Relationship Counselling, Sex Therapy & Sex Addiction Therapy for Singles, Couples & Groups

Divorce & Separation

Divorce & Separation

Which is it to be? Unsure? What a mess? What a Crisis?

50 minute sessions, 3 hour crisis intensives or weekend “All about you” sessions and packages are available.

Does any of the stuff on the pages of “Relationship Counseling” or “Conflict Resolution”, resonate with you? Is it a sexual issue? Why not talk to someone to help make sense of it all.

Not yet decided whether divorce or separation, but the conflict is stopping any progress one way or the other. Maybe a form of Mediaton to get us talking and perhaps over who gets what, would be a start.
What would you like to achieve? Fix a relationship, fix a marriage, relationship repair, repair marriage, marriage crisis, relationship crisis, surviving marriage, surviving separation or surviving divorce. Help is available and it also available by telephone or Skype to anywhere in the world, as well as reading material. ALL just a click away.

Learn to love again.

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“Science says lasting relationships come down to—you guessed it—kindness and generosity”. Business insider, Nov 2014

“The majority of marriages fail, either ending in divorce and separation or devolving into bitterness and dysfunction…

Social scientists first started studying marriages by observing them in action in the 1970s in response to a crisis: Married couples were divorcing at unprecedented rates. Worried about the impact these divorces would have on the children of the broken marriages, psychologists decided to cast their scientific net on couples, bringing them into the lab to observe them and determine what the ingredients of a healthy, lasting relationship were…

Was each unhappy family unhappy in its own way, as Tolstoy claimed, or did the miserable marriages all share something toxic in common?…Psychologist John Gottman was one of those researchers. For the past four decades, he has studied thousands of couples in a quest to figure out what makes relationships work…

“…Throughout the day, partners would make requests for connection, what Gottman calls “bids.” For example, say that the husband is a bird enthusiast and notices a goldfinch fly across the yard. He might say to his wife, “Look at that beautiful bird outside!” He’s not just commenting on the bird here: he’s requesting a response from his wife — a sign of interest or support — hoping they’ll connect, however momentarily, over the bird…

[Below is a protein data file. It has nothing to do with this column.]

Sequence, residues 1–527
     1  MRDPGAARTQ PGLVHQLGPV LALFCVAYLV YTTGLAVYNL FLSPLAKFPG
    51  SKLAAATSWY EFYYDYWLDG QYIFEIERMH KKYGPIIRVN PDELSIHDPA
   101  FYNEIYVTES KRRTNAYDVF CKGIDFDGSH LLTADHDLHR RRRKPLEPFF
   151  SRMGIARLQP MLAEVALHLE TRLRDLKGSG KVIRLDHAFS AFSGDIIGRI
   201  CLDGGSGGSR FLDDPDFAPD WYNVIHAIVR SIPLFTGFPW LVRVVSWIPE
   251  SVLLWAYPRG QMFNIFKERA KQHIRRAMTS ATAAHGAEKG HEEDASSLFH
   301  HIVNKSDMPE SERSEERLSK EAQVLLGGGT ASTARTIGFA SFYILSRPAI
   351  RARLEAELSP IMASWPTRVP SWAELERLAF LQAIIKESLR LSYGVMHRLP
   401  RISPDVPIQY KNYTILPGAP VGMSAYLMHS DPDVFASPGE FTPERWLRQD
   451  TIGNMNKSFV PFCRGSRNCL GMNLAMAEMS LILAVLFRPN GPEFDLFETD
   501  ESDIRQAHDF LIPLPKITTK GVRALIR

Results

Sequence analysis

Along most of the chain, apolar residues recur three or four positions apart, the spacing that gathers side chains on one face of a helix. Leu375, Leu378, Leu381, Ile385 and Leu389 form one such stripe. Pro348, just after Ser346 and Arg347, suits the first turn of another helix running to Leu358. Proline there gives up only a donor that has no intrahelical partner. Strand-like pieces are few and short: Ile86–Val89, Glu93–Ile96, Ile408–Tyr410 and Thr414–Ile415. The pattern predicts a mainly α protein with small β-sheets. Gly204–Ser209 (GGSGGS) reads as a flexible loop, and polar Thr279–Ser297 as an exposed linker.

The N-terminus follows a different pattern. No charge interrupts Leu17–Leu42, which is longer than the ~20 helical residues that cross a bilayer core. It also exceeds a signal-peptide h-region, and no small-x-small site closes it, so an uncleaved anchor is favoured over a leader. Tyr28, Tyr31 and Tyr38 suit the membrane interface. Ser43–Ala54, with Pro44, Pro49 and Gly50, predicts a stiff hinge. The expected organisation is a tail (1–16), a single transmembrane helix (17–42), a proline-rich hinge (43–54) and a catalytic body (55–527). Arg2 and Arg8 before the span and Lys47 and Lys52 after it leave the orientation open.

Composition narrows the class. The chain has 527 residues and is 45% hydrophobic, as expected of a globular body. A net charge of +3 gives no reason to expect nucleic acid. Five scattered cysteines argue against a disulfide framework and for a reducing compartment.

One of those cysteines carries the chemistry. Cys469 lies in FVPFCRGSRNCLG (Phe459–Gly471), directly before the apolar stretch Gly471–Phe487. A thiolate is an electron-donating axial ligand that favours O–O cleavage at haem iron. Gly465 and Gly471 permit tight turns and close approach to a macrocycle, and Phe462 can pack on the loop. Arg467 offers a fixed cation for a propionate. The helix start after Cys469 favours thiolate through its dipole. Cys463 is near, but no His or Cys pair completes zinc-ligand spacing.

The wife now has a choice. She can respond by either “turning toward” or “turning away” from her husband, as Gottman puts it. Though the bird-bid might seem minor and silly, it can actually reveal a lot about the health of the relationship. The husband thought the bird was important enough to bring it up in conversation and the question is whether his wife recognizes and respects that…

People who turned toward their partners in the study responded by engaging the bidder, showing interest and support in the bid. Those who didn’t — those who turned away — would not respond or respond minimally and continue doing whatever they were doing, like watching TV or reading the paper. Sometimes they would respond with overt hostility, saying something like, “Stop interrupting me, I’m reading….

“These bidding interactions had profound effects on marital well-being. Couples who had divorced after a six-year follow up had “turn-toward bids” 33 percent of the time. Only three in ten of their bids for emotional connection were met with intimacy. The couples who were still together after six years had “turn-toward bids” 87 percent of the time. Nine times out of ten, they were meeting their partner’s emotional needs…

“By observing these types of interactions, Gottman can predict with up to 94 percent certainty whether couples — straight or gay, rich or poor, childless or not — will be broken up, together and unhappy, or together and happy several years later. Much of it comes down to the spirit couples bring to the relationship. Do they bring kindness and generosity; or contempt, criticism, and hostility?…

“There’s a habit of mind that the masters have,” Gottman explained in an interview, “which is this: they are scanning social environment for things they can appreciate and say thank you for. They are building this culture of respect and appreciation very purposefully. Disasters are scanning the social environment for partners’ mistakes…

“It’s not just scanning environment,” chimed in Julie Gottman. “It’s scanning the partner for what the partner is doing right or scanning him for what he’s doing wrong and criticizing versus respecting him and expressing appreciation…

“Contempt, they have found, is the number one factor that tears couples apart. People who are focused on criticizing their partners miss a whopping 50 percent of positive things their partners are doing and they see negativity when it’s not there…

People who give their partner the cold shoulder — deliberately ignoring the partner or responding minimally — damage the relationship by making their partner feel worthless and invisible, as if they’re not there, not valued. And people who treat their partners with contempt and criticize them not only kill the love in the relationship, but they also killed their partner’s ability to fight off viruses and cancers. Being mean is the death knell of relationships…

Kindness, on the other hand, glues couples together. Research independent from theirs has shown that kindness (along with emotional stability) is the most important predictor of satisfaction and stability in a marriage.

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“Bring colour back to a grey life”. It is time.

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Try out this App to help re-kindle intimacy into your relationship: Called “Pillow Talk”.